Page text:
My name is Mika Sutinen and I'm a Cloud DBA Practice Lead at the company called Nordcloud. I've been working in IT-industry for more than two decades, and I've spend most of my career working with SQL Server and other Microsoft technologies. In the past couple years I've been working on cloud only, on various types of projects and cloud platforms.
Lately I’ve been spending lot of time outside my natural habitat, Azure, and I’ve entered the AWS frontier. Because of this I decided to write down some of my experiences about how the SQL Server deployments between these two cloud platforms compare to each other. AWS has been around longer than Azure by few years and is the largest of all the public cloud platforms, and I believe, that even today it’s hosting greater number of Windows based VMs than Azure.
With Azure Microsoft had the opposite approach to hosting SQL Server databases, and rather than starting with VMs they first released Azure SQL Database and then later on Microsoft added support for SQL Servers in VMs to attract more of the existing workloads into Azure. Noting the different approaches, let’s then take a look at how they compare when it comes to SQL Server deployments.
Not too long ago in the past I had really interesting afternoon. It wasn’t interesting because I had 3 Failover Clusters that exploded, that’s just horrible, it was interesting because they exploded exactly 40 minutes apart. While I do believe in coincidences, that was just way too precise to be a random occurrence. After looking into it, and engaging once more Microsoft Premier Support, I was eventually able to find the reason.
It turns out that patching Azure Hosts where your VMs are running can cause some bloodcurdling things to happen.
While I work 100% with cloud based SQL Server deployments these days, my life is not all unicorns and PaaS services. Surprisingly (or not) enough, many of the environments in the cloud are still build on top of good, trusty virtual machines. Except that sometimes they’re not good or trusty. There are definitely some good reasons for deploying VM’s in the cloud, however some decisions on the architecture can prove to be a challenge in a long run.
In this post, I’ll share my experience from struggling with some of these decisions, and hopefully help some of you make better decisions out there. Let me share a woeful story about Storage Spaces Direct and Cluster Shared Volumes.
I have previously written quite a few post about how much I like the Platform-as-a-Service databases for SQL Server (and for databases in general), and I do like them quite a bit. But would I recommend them for all use cases and workloads? Heck no! At the moment there are some features and limitations in Azure SQL PaaS databases that, with some of hte SQL Server workloads I have seen, wouldn’t just work all that well.
Also when we look at Azure, there’s some really cool features available for VMs that you can start using today, which are making the good old VMs an interesting option.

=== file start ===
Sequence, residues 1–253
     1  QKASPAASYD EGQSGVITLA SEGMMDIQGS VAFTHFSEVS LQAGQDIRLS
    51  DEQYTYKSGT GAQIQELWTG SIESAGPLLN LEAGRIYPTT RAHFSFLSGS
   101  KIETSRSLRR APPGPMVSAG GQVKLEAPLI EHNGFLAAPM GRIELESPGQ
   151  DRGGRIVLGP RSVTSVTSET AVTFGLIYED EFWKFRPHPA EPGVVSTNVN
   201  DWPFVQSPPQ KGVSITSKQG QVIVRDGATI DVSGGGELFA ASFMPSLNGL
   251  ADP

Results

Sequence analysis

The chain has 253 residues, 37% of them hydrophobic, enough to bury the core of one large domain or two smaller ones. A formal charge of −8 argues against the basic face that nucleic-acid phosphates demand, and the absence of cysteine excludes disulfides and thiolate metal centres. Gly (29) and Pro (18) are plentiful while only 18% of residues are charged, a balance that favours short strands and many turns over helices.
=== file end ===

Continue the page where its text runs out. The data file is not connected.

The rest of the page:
The answer to this question is not 2, happy and unhappy users. This time we’re discussing security, not the end user experience of your perfectly tuned databases.
I was recently having a discussion around SQL Server security, more specifically about the logins and user. The question I was asked after going through couple examples was, that how many different types of users there actually are. While this seems like a trivial thing to answer, I have to admit that even after thinking about this for a little while, and still got the answer off by 2. As it turns out there’s bit more complexity to this than might be obvious at the first glance.
Without checking from anywhere, can you name all the different types of users? Read onward to find out.
Sometimes I run into things in cloud that really just blow my mind away. Not that long ago I learned how you can give everyone in Azure, no matter what subscription or region they are in, an access to your database. And it was super easy too. It’s just one click to allow whole (Azure) world to start accessing your data.
Is this something I wanted to do, or would I recommend anyone to do it? No, not really. Also the documentation around this particular setting was less than great, so I decided to share what I learned.
Core responsibility of a DBA is to make sure that the databases they are responsible for are maintained properly. In a nutshell this usually means that you are taking backups of the data, checking the consistency of the databases and maintaining statistics and indexes. Performing these tasks gives the DBA the ability to provide the agreed SLAs for the system.
However the trade-off for doing all these tasks is that it requires some computing resources and it can sometimes impact the performance of the connecting applications, and through that the SLAs in a negative way.
In this post we’ll look at how to implement low impact database maintenance routines for environments that have large databases and are accessed 24/7 by the users.